Integrity of the STAG3 cohesin core at the diplotene stage of meiosis is dependent on SYCP3 and SYCP2
We initially analysed the organization of the diplotene-dictyate meiotic chromosome axis in female meiotic germ cells derived from wild-type animals. Nuclear spreads of oocytes derived from embryos at different stages of meiotic prophase were stained with antisera against STAG3, SYCP1 and CREST (Fig. 1). SYCP1 is a major transverse filament protein of the SC and a marker for synapsis (Dobson et al., 1994; Meuwissen et al., 1992), whereas the CREST antiserum visualizes centromeres. STAG3 immunostaining of pachytene and late diplotene oocytes derived from wild-type E18.5 embryos defined cohesin cores that colocalize with SYCP1 (Fig. 1A,B,E,F) and SYCP3 (not shown). Such core-like cohesin structures have also been noted in spermatocytes at the diplotene stage (Prieto et al., 2001). However, as the oocytes entered dictyate during the first week of postnatal development, the STAG3 cohesin cores disappeared and were replaced by an irregular pattern of nuclear foci (Fig. 1I,J). SYCP3 and SYCP2 have been shown to disappear completely during the first week of postnatal oocyte development (Hodges et al., 2001), suggesting to us that the loss of these two proteins and the cohesin cores might be linked mechanistically. In agreement with this, we found that, in nuclei of early dictyate oocytes (derived from newborn animals), short filamentous STAG3 structures were retained almost exclusively at sites where SYCP3 was still present on chromatin (Fig. 2). A direct comparison to male germ cells is complicated by the fact that the dictyate stage is unique to females. However, analysis of cells at the stage that follows diplotene during spermatogenesis (prometaphase I) also identifies a fragmented axial cohesin core (Prieto et al., 2001).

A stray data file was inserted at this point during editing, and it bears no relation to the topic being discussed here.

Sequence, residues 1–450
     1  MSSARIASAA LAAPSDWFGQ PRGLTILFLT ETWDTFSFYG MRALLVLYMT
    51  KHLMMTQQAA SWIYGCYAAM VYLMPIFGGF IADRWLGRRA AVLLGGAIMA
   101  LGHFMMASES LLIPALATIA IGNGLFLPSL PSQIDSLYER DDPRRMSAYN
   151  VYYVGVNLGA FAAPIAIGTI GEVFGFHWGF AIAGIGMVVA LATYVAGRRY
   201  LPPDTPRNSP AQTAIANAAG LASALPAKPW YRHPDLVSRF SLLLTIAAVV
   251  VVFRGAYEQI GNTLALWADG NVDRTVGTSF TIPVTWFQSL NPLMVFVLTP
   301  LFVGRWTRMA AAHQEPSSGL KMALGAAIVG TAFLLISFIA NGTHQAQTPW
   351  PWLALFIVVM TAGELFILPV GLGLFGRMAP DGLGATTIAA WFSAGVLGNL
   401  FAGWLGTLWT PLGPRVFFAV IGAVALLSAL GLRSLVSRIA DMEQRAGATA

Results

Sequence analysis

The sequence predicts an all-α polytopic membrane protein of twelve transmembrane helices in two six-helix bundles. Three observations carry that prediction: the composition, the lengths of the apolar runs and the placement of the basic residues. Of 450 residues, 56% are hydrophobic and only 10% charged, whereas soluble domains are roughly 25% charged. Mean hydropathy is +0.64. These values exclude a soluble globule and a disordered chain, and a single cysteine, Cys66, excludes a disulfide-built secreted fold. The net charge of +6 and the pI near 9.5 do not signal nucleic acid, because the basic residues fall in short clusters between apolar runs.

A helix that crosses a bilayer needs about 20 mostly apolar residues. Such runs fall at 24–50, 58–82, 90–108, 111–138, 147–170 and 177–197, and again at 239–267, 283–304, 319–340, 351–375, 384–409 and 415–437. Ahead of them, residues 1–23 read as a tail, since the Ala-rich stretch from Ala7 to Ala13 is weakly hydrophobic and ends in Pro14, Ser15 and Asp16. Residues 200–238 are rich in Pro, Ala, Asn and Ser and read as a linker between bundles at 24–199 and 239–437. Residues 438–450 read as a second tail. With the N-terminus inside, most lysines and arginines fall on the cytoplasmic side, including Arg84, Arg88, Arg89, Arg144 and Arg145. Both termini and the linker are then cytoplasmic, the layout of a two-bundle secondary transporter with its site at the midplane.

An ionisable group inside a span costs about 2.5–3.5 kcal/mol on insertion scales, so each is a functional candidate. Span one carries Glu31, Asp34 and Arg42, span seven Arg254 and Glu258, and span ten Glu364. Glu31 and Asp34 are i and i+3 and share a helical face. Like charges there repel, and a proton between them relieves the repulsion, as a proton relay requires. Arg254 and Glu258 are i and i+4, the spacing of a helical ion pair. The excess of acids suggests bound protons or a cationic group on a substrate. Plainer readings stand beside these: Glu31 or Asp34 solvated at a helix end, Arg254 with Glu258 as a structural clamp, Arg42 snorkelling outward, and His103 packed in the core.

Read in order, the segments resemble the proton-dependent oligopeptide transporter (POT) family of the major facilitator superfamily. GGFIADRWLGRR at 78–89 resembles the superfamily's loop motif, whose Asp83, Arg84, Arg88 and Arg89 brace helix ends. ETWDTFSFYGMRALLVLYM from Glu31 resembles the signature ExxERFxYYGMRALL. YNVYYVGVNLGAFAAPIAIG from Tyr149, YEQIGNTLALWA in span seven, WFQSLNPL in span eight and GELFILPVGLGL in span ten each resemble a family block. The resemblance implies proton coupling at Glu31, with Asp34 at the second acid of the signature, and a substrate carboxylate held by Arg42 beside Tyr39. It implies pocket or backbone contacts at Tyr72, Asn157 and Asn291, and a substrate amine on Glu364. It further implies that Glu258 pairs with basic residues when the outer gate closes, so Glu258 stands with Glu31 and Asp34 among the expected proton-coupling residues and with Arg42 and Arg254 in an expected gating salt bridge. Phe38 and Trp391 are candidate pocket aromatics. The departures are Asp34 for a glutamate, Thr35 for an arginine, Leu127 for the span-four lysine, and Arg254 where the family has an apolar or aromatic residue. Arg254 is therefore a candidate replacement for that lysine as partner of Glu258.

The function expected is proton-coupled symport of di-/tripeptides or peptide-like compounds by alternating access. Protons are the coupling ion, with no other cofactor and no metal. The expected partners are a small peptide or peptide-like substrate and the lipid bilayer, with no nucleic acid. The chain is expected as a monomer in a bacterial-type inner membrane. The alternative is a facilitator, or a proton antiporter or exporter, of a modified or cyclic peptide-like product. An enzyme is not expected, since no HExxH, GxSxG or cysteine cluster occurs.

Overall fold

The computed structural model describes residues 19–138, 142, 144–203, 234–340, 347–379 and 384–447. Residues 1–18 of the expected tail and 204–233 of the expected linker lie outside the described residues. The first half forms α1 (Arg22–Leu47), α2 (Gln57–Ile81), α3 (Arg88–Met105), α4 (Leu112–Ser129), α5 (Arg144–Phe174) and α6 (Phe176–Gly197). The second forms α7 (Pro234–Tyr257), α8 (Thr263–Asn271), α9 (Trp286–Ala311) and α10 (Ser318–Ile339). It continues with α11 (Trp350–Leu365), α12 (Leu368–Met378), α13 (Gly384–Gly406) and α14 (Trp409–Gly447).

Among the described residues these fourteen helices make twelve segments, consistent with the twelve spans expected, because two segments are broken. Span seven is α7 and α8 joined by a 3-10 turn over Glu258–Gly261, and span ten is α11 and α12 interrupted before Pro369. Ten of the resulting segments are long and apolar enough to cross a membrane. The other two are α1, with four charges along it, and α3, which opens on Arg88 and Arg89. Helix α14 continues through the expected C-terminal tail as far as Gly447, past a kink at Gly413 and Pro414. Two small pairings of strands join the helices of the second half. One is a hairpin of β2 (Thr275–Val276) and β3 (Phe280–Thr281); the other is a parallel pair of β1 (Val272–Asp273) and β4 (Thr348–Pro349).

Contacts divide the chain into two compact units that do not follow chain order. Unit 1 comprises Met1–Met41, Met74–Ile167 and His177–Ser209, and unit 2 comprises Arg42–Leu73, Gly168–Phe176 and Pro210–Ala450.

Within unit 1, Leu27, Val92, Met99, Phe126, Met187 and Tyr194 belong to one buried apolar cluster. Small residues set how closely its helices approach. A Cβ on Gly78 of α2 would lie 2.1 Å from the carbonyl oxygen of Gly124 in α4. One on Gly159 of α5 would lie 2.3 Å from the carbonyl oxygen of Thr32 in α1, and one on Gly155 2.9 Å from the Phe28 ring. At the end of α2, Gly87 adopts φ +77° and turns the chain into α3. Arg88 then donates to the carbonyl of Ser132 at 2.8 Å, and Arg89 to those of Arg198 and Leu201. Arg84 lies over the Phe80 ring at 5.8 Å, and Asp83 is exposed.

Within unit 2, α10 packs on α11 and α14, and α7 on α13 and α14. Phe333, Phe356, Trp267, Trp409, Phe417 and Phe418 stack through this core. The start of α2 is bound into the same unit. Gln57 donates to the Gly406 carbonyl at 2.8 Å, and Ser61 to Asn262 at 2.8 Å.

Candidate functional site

To test the hypothesis that SYCP3 modulates cohesin core integrity, the chromosomal distribution of STAG3 was analysed in Sycp3–/– oocytes. We observed that STAG3 forms cohesin cores in zygotene (not shown) and pachytene (Fig. 1C,D) oocytes deficient for SYCP3, as described previously for male germ cells (Kolas et al., 2004; Pelttari et al., 2001). Interestingly, the STAG3 cohesin cores became severely fragmented in the absence of SYCP3 as meiosis progressed into the diplotene stage (compare Fig. 1G,H with 1E,F). Exceptions were found at chromosomal regions that had yet to undergo desynapsis (SYCP1 positive), where residual short STAG3-positive filaments were seen (Fig. 1G,H, arrows). We conclude that SYCP3 and SYCP2 are required for maintaining the integrity of the desynapsed STAG3 cohesin cores at the diplotene stage and that, in the absence of these two AE proteins, the STAG3 cohesin core disassembles prematurely.
SYCP3 is required to retain the cohesin cores until the dictyate stage
We then investigated whether other cohesin subunits also require SYCP3 to be maintained as part of a cohesin core during the diplotene stage of meiosis in oocytes. Wild-type and Sycp3–/– diplotene oocytes derived from E18.5 embryos were stained with antibodies against the cohesin subunits SMC1β, REC8 or SMC3, as well as against SYCP1 and CREST. We found that loss of SYCP3 has drastic consequences for the integrity of the cohesin cores as determined by SMC1β, REC8 and SMC3 labelling in diplotene oocytes (Fig. 3). Short residual filaments were still observed in regions that retained SYCP1 (Fig. 3C,D,G,H,K,L). The labelling patterns observed for SMC1β, REC8 and SMC3 at the pachytene and dictyate stages, in wild-type and mutant oocytes followed the STAG3 pattern described in Fig. 1 (not shown). Residual cohesin labelling was consistently found at all centromere regions (Fig. 3, arrows; see supplementary material, Fig. S2), suggesting a role for cohesin subunits in centromere cohesion at the dictyate stage. Thus, in the absence of SYCP3 and SYCP2, the organized cohesin cores that colocalize with the AE in wild-type meiotic cells are prematurely fragmented at the diplotene stage.
Premature disassembly of cohesin cores does not affect MI chromosome organization